The Future is Childless

Folks, having this blog is a hobby and frankly therapy for me to vent about the world. I don’t always get to everything as quickly as I would like but an article published recently by The AtlanticThe Future of the City Is Childless” really deserves your attention.

Sadly, the article is not about a dystopian future but a current reality. I highly recommend that you read it. The thesis is that big cities are for single, working people with careers and suburbs and rural areas are for families.

New York is the poster child of this urban renaissance. But as the city has attracted more wealth, housing prices have soared alongside the skyscrapers, and young families have found staying put with school-age children more difficult. Since 2011, the number of babies born in New York has declined 9 percent in the five boroughs and 15 percent in Manhattan. (At this rate, Manhattan’s infant population will halve in 30 years.) In that same period, the net number of New York residents leaving the city has more than doubled. There are many reasons New York might be shrinking, but most of them come down to the same unavoidable fact: Raising a family in the city is just too hard. And the same could be said of pretty much every other dense and expensive urban area in the country.

In high-density cities like San Francisco, Seattle, and Washington, D.C., no group is growing faster than rich college-educated whites without children, according to Census analysis by the economist Jed Kolko. By contrast, families with children older than 6 are in outright decline in these places. In the biggest picture, it turns out that America’s urban rebirth is missing a key element: births.

Cities were once a place for families of all classes. The “basic custom” of the American city, wrote the urbanist Sam Bass Warner, was a “commitment to familialism.” Today’s cities, however, are decidedly not for children, or for families who want children. As the sociologists Richard Lloyd and Terry Nichols Clark put it, they are “entertainment machines” for the young, rich, and mostly childless. And this development has crucial implications—not only for the future of American cities, but also for the future of the U.S. economy and American politics.

But if big cities are shedding people, they’re growing in other ways—specifically, in wealth and workism. The richest 25 metro areas now account for more than half of the U.S. economy, according to an Axios analysis of government data. Rich cities particularly specialize in the new tech economy: Just five counties account for about half of the nation’s internet and web-portal jobs. Toiling to build this metropolitan wealth are young college graduates, many of them childless or without school-age children; that is, workers who are sufficiently unattached to family life that they can pour their lives into their careers.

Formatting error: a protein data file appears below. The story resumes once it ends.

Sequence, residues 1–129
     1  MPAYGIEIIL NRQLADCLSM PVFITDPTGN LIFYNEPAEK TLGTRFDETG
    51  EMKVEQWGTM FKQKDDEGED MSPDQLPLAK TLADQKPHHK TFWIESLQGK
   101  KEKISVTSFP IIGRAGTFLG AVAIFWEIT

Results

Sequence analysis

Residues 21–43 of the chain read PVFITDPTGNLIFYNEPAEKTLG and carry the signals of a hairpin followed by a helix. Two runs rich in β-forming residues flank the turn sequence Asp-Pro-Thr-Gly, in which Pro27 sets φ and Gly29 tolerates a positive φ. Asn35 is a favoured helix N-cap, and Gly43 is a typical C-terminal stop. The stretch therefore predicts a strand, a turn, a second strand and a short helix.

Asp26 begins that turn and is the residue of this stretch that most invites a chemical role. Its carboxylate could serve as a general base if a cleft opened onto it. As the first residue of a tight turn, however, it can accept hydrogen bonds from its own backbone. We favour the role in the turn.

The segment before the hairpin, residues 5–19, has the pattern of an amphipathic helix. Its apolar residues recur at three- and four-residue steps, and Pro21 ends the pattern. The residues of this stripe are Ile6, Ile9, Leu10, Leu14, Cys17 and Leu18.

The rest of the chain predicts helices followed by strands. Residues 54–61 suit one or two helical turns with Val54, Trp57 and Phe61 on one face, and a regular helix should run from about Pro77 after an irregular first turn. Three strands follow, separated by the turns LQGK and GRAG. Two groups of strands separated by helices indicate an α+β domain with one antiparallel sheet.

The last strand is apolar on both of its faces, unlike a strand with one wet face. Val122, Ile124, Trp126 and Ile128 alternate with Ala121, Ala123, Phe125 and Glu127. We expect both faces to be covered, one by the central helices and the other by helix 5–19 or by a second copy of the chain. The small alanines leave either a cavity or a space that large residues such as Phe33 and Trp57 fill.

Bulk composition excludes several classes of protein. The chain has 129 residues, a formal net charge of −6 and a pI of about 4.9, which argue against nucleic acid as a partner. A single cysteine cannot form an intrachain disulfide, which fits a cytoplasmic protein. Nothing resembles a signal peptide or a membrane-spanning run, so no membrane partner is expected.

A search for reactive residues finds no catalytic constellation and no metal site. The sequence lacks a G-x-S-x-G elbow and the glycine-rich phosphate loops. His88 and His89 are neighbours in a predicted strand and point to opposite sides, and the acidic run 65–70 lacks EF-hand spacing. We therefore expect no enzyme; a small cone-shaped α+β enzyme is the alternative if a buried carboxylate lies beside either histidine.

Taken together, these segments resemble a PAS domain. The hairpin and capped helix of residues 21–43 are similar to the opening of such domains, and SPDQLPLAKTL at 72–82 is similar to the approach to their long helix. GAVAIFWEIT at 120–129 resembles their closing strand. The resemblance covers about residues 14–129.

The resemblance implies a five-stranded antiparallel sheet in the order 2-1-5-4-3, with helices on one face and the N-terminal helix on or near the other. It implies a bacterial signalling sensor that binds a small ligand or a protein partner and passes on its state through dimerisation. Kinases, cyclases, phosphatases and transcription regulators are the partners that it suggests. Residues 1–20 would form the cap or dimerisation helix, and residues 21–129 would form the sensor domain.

Cities have effectively traded away their children, swapping capital for kids. College graduates descend into cities, inhale fast-casual meals, emit the fumes of overwork, get washed, and bounce to smaller cities or the suburbs by the time their kids are old enough to spell. It’s a coast-to-coast trend: In Washington, D.C., the overall population has grown more than 20 percent this century, but the number of children under the age of 18 has declined. Meanwhile, San Francisco has the lowest share of children of any of the largest 100 cities in the U.S.

Again, please read the rest of the article. I think this explains—in part—some of the divide in our country on many issues. The populated areas that favor singlehood are very self-focused. In a culture that is very present oriented anyway and values that “new is better” (after all that value works well when applied to technology), is it any wonder that, God, family, and children—future oriented values—are distant to them? Feelings and immediate gratification are incongruent to a future orientation.

Given what you’ve read above, is it any wonder that this headline is in the news today?

Alyssa Milano says she has no regrets about 2 abortions: ‘I would not have my career’

Nothing complicates career and immediate gratification more than pregnancy, consequences are so messy. Once you’ve committed to the proposition that life is all about you, it can be jarring to have that attitude challenged.

If the future is childless then how can there be a future?